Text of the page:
Uber’s lack of leadership now is a literal problem, not just a figurative one.
Travis Kalanick, the company’s CEO and co-founder, resigned Tuesday after some of Uber’s top investors demanded he quit immediately, The New York Times reports. Venture capital firm Benchmark, whose partner Bill Gurley is a member of Uber’s board of directors, was among one of five shareholders that sent Kalanick a letter demanding his resignation, titled “Moving Uber Forward,” sources told The Times.
“I love Uber more than anything in the world and at this difficult moment in my personal life I have accepted the investors request to step aside so that Uber can go back to building rather than be distracted with another fight,” Kalanick said in a statement, via The Times.
The letter, which reportedly was sent to Kalanick while he was in Chicago, prompted hours of discussions between he and investors. And although he agreed to step down, Kalanick will remain on Uber’s board of directors.
The move comes amid a whirlwind of crises for Uber, but especially for Kalanick.
In February, a video surfaced of him getting in a heated argument with an Uber driver over price drops. In May, Kalanick’s mother died and his father was seriously injured in a boating accident, which led to him taking a leave of absence June 13. And between the accident and his to decision to step away, a leaked email revealed a list of sex rules he once sent to employees before a company party.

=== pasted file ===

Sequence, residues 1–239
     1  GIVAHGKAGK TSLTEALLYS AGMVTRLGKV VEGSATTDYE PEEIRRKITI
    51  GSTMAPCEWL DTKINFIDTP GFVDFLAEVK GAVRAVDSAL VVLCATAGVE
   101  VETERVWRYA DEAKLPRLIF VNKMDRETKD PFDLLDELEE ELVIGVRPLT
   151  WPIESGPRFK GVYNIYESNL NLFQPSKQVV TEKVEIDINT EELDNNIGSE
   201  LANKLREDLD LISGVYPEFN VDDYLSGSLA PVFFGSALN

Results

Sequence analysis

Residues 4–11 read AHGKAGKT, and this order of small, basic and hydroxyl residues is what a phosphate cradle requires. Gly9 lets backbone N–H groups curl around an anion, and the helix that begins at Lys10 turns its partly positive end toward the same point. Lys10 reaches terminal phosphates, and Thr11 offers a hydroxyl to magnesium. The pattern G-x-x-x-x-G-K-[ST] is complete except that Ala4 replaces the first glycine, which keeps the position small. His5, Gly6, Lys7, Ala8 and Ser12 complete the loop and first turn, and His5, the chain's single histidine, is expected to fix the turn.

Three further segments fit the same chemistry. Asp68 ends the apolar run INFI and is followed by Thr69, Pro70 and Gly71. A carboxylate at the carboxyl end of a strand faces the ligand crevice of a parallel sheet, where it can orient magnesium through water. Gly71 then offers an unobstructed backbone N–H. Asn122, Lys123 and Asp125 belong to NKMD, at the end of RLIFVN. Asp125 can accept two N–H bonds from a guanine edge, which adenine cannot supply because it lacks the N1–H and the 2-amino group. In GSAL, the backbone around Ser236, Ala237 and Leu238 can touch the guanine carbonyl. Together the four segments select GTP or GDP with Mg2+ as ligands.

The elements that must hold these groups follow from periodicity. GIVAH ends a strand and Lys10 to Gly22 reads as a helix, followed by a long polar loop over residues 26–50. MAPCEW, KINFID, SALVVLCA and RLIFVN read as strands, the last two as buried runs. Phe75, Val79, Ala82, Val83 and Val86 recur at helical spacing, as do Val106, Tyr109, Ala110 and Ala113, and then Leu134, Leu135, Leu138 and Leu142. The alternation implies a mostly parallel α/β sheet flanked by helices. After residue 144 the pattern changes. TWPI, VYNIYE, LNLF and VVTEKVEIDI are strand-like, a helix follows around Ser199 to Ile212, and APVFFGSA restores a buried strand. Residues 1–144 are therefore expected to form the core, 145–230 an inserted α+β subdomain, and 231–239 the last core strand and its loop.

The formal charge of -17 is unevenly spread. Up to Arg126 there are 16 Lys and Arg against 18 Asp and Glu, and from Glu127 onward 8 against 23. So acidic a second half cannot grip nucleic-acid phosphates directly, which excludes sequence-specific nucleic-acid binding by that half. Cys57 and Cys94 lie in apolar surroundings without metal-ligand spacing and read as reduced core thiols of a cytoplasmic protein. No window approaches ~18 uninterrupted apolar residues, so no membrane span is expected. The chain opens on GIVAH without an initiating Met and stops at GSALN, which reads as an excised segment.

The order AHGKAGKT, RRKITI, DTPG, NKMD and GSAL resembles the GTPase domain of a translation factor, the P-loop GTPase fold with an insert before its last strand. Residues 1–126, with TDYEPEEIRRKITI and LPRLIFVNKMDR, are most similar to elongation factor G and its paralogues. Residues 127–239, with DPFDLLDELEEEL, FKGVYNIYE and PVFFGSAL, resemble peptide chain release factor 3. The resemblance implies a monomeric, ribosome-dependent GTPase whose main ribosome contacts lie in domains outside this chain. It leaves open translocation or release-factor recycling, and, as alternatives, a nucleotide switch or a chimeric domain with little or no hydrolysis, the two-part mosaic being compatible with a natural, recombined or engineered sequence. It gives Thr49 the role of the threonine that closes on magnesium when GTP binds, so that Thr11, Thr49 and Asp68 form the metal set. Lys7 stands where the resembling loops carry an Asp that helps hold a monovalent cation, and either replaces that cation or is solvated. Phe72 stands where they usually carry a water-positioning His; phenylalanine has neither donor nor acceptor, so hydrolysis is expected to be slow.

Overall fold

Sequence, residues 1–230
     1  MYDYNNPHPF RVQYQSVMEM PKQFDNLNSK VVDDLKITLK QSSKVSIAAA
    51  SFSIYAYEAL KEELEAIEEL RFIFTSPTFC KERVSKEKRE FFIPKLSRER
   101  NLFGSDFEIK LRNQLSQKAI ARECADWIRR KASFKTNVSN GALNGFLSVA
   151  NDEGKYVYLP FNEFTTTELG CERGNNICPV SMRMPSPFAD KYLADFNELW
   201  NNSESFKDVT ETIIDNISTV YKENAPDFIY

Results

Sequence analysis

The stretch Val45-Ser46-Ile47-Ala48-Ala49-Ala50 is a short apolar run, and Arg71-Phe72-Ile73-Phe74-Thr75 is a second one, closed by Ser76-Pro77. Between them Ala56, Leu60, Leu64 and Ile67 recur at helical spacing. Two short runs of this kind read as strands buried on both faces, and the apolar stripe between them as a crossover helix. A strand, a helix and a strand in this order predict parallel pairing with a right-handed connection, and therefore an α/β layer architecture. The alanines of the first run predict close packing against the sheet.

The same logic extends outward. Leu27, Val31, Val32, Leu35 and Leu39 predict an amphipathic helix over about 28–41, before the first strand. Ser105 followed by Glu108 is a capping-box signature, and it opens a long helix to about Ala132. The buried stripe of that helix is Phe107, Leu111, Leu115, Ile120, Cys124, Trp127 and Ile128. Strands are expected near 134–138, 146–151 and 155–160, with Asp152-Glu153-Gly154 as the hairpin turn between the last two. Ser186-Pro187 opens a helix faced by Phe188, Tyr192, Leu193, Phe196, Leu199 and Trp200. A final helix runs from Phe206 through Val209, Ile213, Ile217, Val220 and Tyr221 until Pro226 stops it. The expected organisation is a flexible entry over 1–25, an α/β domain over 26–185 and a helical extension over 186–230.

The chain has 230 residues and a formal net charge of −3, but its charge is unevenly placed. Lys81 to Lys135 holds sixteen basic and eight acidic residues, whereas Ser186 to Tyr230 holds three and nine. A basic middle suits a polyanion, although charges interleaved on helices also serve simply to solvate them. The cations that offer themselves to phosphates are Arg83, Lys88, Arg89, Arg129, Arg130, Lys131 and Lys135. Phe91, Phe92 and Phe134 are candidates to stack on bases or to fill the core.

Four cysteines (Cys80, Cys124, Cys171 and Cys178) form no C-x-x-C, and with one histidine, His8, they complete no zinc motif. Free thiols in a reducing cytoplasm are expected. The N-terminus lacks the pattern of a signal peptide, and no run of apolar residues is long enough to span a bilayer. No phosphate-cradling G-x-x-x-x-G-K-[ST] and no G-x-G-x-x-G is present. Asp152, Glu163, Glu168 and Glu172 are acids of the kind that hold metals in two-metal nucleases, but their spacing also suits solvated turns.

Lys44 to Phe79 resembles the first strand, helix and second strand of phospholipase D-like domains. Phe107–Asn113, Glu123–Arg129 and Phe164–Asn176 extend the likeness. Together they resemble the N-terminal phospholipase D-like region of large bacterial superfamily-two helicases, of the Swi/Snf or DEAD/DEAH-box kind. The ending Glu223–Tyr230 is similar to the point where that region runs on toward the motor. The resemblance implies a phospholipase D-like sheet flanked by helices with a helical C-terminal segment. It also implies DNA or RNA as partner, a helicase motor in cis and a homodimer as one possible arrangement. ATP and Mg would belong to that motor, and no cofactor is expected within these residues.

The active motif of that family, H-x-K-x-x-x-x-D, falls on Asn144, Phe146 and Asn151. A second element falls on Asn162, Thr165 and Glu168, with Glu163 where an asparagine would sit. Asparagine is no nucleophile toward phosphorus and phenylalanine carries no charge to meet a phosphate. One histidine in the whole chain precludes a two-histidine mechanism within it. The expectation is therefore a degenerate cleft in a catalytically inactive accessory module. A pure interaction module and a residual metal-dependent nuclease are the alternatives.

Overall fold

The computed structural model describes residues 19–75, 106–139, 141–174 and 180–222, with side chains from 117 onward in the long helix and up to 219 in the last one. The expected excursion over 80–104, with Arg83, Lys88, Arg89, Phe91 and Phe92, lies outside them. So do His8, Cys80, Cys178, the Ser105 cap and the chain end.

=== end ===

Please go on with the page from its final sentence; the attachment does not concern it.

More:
But while Kalanick is the face of Uber’s turmoil, the company as a whole has been the catalyst for its never-ending public-relations nightmare.
Uber’s been accused of using a secret program to lure drivers from competitors, is under investigation for using software to help drivers avoid government officials and is in the middle of a legal dispute with Waymo, which accuses the company of intellectual property theft. A slew of top executives have left the company as the scandals continue to mount.
Kalanick’s resignation, though, seems to be prompted by the recent findings of an investigation into 215 instances of workplaces transgressions, including sexual harassment. Prior to law firm Perkins Cole releasing its report, Uber fired 20 of its employees.
Thumbnail photo via Flickr/Silicon Prairie News
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